World renowned linguist Professor Halliday launches Halliday Centre
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HCLS is a research centre in the Faculty of Humanities and Social Sciences and it aims to expand opportunities for collaboration with global partners in research relating to corpus linguistics, computational linguistics and comparative language studies.
The Centre exemplifies CityU's commitment to applied linguistics research.
Professor Halliday, Emeritus Professor of Linguistics at the University of Sydney and a Visiting Professor in the Department of Chinese, Translation and Linguistics (CTL) at CityU, is one of the world's most influential experts in applied linguistics. He is known for systemic functional linguistics, his comprehensive model of grammar which has been applied to English and numerous other languages including Chinese, Japanese, Vietnamese and Thai.
This theory emphasizes the social accountability of language, i.e. that language is rooted in social meaning and is a resource for communication, rather than a set of rules. His scholarship has influenced applied linguistics, computational linguistics and approaches to language problems in various professional fields.
“We are honoured to have Professor Halliday grant us the privilege of lending his name to the Centre," said Dr Jonathan Webster, Acting Director of the HCLS and Head of CTL. “Professor Halliday's theoretical approach, with its focus on modeling meaning and emphasis on social accountability, provides thebasis for the Halliday Centre's research in appliable linguistics.”
Other officiating guests include Professor Ian Holliday, Dean of the Faculty of Humanities and Social Sciences; and Professor Sritawat Kitipornchai, Professor (Chair) of Building and Construction and Chairman of the Advisory Group for Research Centre.
In his inaugural lecture, Professor Halliday examined how the scientific study of languages helps solve communication problems in many aspects of modern life, including education, culture, health and safety. He maintains that language - talking and listening, writing and reading - is such a significant part of our daily lives that we often take it for granted. He has investigated many activities in which an effective outcome depends on applying a theoretical understanding of language to solving problems, especially now that the exchange of information has become the dominant mode of economic action. The critical feature of language is that it is a resource for making meaning - a “semogenic” system; thus wherever people seek to intervene, they are working with meaning.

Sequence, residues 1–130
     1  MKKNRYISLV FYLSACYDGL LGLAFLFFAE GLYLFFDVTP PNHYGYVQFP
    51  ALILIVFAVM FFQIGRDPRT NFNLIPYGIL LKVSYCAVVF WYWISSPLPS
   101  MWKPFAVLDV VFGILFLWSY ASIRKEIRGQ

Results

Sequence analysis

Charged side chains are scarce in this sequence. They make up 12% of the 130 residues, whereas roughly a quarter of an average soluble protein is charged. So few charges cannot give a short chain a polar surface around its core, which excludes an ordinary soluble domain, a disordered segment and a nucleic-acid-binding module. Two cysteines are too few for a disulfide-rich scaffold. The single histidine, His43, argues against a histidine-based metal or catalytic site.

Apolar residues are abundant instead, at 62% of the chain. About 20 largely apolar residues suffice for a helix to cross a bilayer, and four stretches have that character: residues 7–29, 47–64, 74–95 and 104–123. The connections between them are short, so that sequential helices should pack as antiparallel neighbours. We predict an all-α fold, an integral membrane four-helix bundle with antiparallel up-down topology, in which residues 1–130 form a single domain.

Professor Halliday's inaugural lecture on 26 March kicked off a symposium entitled “Meaning in Context: Implementing Intelligent Applications of Language Studies”, a series of lectures by scholars from the mainland and overseas on discourse, context and modeling behaviour, from 27 to 29 March.
HCLS was established in August 2005 as one of five research centers in FHS. The Centre undertakes research on comparative language study and corpus-based studies of legal, scientific, technical and academic texts and language, plus computing with meaning.
One of the proposed projects is the study of linguistic properties and the dimension of change in the translation process between Chinese and English. This is a collaboration with overseas universities including Saarland University, Germany, and Macquarie University, Australia. The findings will contribute significantly to translation studies, in particular machine translation.
HCLS is also developing courses with Sun Yat-sen (Zhongshan) University as part of an intensive summer school for postgraduate students.